Modeling a model nanoparticle

Modeling a model nanoparticle
Demonstration of CElocal as a descriptor for adsorption energy. (A) The BE of CO on various sites of Au NPs as a function of CElocal: 172-atom cube (rectangles), 147-atom icosahedron (hexagons), and 147-atom cuboctahedron (rhombus). Heat map of different sites on the NPs with respect to their BE of CO (B to D) and to their CElocal (E to G). The color scheme follows the range of strongest CO binding to weakest CElocal (violet) and of weakest binding to strongest CElocal (red). Credit: Science Advances (2019). DOI: 10.1126/sciadv.aax5101

Metal nanoparticles have a wide range of applications, from medicine to catalysis, from energy to the environment. But the fundamentals of adsorption—the process allowing molecules to bind as a layer to a solid surface—in relation to the nanoparticle's characteristics were yet to be discovered.

New research from the University of Pittsburgh Swanson School of Engineering introduces the first universal adsorption model that accounts for detailed nanoparticle structural characteristics, metal composition and different adsorbates, making it possible to not only predict adsorption behavior on any but screen their stability, as well.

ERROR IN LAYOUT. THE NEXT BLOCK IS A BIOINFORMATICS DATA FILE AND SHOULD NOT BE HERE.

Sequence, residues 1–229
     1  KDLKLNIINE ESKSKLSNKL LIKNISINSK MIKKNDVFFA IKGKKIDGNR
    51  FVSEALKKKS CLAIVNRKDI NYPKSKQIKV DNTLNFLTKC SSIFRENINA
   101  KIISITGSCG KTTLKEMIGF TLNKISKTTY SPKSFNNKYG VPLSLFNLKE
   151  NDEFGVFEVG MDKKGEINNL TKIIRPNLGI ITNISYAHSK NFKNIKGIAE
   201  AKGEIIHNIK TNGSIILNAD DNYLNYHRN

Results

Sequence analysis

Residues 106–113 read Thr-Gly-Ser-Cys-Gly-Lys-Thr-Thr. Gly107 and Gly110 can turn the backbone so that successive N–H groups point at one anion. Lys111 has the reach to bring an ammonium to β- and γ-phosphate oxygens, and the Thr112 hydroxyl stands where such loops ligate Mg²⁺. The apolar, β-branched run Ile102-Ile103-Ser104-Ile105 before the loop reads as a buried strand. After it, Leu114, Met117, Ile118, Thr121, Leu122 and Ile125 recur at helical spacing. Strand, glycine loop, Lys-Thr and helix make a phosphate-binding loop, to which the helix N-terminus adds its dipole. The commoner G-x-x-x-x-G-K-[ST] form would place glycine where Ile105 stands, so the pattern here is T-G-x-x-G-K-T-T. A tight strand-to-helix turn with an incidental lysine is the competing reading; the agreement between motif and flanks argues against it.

The research combines modeling with machine learning to fit a large number of data and accurately predict adsorption trends on nanoparticles that have not previously been seen. By connecting adsorption with the stability of nanoparticles, nanoparticles can now be optimized in terms of their synthetic accessibility and application property behavior. This improvement will significantly accelerate nanomaterials design and avoid trial and error experimentation in the lab.

"This model has the potential to impact diverse areas of nanotechnology with applications in catalysis, sensors, separations and even ," says Giannis (Yanni) Mpourmpakis, the Swanson School's Bicentennial Alumni Faculty Fellow and associate professor of chemical and , whose CANELa lab conducted the research. "Our lab, as well as other groups, have performed prior computational studies that describe adsorption on metals, but this is the first universal model that accounts for nanoparticle size, shape, metal composition and type of adsorbate. It's also the first model that directly connects an application property, such as adsorption and catalysis, with the stability of the nanoparticles."

More information: James Dean et al, Unfolding adsorption on metal nanoparticles: Connecting stability with catalysis, Science Advances (2019). DOI: 10.1126/sciadv.aax5101

Journal information: Science Advances

Citation: Modeling a model nanoparticle (2019, September 18) retrieved 18 May 2024 from
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